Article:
Harvey Nash’s annual survey of HR professionals and Jobvite’s Automation Nation Report both touch on the potential impact that automation via artificial intelligence or other technologies will have on developing and shaping the workforce. The top graph, from Harvey Nash data, suggests that most HR personnel believe these impacts will happen within the next five years. The bottom graph, from Jobvite data, identifies the tasks that recruiters are most and least interested in having automated.
As automation technology advances, it creates an incredible opportunity to increase the efficiency and accuracy of many of our everyday tasks. That’s great news for people working in recruiting, where some of the more mundane processes – particularly those that don’t require the human touch – could benefit significantly.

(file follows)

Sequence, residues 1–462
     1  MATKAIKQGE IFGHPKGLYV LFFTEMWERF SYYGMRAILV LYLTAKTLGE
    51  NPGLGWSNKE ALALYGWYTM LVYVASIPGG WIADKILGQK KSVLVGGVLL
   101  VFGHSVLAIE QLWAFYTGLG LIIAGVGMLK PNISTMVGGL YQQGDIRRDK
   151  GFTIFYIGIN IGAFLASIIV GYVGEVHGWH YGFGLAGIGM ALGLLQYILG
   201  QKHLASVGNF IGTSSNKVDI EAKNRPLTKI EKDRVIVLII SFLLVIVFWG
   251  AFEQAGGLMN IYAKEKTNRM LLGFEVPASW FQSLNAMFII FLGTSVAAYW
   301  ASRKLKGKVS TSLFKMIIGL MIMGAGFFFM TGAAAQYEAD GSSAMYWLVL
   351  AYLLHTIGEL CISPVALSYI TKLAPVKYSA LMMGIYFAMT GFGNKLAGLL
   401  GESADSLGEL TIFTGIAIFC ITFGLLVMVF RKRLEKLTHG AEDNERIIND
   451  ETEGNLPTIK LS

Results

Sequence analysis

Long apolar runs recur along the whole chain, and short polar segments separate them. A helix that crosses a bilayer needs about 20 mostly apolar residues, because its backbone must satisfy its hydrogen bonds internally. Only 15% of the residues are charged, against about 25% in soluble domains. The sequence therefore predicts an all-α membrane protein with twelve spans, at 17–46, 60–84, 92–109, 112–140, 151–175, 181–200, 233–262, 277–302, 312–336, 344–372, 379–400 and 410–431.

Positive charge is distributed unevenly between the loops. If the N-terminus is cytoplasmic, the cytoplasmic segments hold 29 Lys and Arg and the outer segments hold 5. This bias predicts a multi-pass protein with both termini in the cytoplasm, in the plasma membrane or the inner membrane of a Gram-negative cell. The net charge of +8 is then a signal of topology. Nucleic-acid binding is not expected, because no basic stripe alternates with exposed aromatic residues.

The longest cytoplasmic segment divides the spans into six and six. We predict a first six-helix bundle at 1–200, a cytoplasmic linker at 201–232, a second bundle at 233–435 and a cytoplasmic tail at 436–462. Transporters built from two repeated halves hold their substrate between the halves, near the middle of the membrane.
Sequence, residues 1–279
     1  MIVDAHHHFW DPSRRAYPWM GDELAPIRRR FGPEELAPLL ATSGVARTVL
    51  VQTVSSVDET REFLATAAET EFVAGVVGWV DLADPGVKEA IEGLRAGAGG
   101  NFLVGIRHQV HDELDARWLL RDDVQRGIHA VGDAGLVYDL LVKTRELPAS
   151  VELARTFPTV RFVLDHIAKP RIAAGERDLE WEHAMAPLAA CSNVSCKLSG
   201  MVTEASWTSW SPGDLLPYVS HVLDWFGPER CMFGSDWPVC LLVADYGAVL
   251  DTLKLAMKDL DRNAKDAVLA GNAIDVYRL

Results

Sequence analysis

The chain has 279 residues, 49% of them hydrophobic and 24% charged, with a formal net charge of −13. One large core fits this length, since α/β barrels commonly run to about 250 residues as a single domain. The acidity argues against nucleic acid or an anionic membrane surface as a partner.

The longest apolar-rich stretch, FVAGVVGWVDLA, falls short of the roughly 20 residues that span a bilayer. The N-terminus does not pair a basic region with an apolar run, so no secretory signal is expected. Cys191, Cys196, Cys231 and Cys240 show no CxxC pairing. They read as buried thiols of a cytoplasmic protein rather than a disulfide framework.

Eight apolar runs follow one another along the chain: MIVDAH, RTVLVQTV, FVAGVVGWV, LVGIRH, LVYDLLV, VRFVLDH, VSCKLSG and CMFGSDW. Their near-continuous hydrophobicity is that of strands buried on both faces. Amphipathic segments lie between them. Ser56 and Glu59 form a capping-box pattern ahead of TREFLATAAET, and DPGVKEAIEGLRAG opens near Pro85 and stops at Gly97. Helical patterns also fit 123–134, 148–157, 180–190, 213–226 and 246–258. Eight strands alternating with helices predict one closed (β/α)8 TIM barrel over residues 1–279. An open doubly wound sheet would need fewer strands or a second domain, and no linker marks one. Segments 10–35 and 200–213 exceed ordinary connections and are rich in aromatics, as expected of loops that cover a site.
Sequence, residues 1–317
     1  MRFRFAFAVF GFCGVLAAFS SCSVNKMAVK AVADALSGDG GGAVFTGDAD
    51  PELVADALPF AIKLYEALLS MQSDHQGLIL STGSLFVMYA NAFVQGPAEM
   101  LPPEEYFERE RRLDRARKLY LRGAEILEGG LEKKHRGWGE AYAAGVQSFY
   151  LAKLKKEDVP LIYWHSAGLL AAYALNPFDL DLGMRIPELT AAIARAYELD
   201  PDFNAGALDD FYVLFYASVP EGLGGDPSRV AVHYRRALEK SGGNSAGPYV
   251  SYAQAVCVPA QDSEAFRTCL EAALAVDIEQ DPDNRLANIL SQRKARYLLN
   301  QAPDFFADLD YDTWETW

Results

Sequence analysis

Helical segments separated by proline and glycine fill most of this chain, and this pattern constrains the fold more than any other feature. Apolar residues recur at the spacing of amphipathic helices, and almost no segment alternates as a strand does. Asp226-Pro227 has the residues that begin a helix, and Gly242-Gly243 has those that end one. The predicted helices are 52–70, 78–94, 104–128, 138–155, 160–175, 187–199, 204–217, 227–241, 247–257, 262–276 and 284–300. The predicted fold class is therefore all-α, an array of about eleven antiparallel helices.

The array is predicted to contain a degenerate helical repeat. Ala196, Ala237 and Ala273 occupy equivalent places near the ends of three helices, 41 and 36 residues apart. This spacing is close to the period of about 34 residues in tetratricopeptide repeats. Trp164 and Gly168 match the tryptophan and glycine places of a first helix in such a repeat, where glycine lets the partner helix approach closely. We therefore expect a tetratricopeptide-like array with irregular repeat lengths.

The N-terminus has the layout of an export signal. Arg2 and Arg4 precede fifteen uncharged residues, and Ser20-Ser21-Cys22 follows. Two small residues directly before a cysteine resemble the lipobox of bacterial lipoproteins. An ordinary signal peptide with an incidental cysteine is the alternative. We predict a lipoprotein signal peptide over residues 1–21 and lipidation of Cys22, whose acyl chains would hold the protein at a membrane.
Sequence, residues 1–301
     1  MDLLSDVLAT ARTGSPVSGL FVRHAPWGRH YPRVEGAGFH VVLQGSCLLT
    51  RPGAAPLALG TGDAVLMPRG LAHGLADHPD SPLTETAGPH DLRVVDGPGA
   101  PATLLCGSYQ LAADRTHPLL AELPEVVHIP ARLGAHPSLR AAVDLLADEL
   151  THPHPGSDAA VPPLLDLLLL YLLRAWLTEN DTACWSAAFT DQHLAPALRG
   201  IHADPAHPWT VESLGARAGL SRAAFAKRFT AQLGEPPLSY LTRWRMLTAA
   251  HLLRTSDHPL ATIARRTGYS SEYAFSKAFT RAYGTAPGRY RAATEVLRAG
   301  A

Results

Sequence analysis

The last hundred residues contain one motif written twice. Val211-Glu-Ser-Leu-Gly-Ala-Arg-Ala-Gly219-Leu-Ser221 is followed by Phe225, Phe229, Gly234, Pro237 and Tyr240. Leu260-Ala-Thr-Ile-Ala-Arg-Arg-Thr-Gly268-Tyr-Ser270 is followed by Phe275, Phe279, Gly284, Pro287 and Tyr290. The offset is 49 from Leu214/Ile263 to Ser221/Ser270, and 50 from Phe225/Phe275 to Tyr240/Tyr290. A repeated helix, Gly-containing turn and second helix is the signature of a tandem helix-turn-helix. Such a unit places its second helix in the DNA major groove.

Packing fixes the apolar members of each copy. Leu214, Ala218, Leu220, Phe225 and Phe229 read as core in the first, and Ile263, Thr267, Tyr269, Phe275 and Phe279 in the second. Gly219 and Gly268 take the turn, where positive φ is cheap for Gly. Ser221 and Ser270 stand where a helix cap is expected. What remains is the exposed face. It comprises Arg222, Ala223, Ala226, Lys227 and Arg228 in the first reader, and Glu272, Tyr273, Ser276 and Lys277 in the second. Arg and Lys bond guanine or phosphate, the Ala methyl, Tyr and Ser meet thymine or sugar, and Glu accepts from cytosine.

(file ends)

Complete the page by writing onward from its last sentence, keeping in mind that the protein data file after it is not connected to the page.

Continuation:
Some HR employees (15%) feel that aspects of their workforce planning are already becoming automated, and a significant segment (40%) expect that the change is close on the horizon, occurring in the next 2-5 years. Only 5% of respondents feel that automation won’t have an influence in the next 20 years.
Recruiters are most interested in having interview scheduling and background checks automated. They also expressed interest in having candidate analytics and sourcing automated. Not surprisingly, activities that rely strongly on personal interaction, such as interviews and negotiations, topped the list of tasks that recruiters are least interested in having automated.
The ultimate goal for both the candidates and the recruiters should be to streamline the process: match applicants to opportunities as quickly and accurately as possible, resulting in high-quality hires that perform well and are happy with their roles. Automation technology can do just that, perhaps not overnight, but it’s well on its way!